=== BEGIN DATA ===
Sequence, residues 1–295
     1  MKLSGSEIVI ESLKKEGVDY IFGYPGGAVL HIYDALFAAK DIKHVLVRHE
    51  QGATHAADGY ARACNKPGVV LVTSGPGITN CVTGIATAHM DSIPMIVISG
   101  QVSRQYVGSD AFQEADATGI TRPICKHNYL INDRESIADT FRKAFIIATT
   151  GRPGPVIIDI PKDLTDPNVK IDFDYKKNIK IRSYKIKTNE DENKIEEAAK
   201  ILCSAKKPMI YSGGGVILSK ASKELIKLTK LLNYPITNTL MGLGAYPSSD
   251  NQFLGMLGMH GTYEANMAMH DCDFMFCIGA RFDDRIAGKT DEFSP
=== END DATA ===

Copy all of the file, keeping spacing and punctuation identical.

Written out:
Sequence, residues 1–295
     1  MKLSGSEIVI ESLKKEGVDY IFGYPGGAVL HIYDALFAAK DIKHVLVRHE
    51  QGATHAADGY ARACNKPGVV LVTSGPGITN CVTGIATAHM DSIPMIVISG
   101  QVSRQYVGSD AFQEADATGI TRPICKHNYL INDRESIADT FRKAFIIATT
   151  GRPGPVIIDI PKDLTDPNVK IDFDYKKNIK IRSYKIKTNE DENKIEEAAK
   201  ILCSAKKPMI YSGGGVILSK ASKELIKLTK LLNYPITNTL MGLGAYPSSD
   251  NQFLGMLGMH GTYEANMAMH DCDFMFCIGA RFDDRIAGKT DEFSP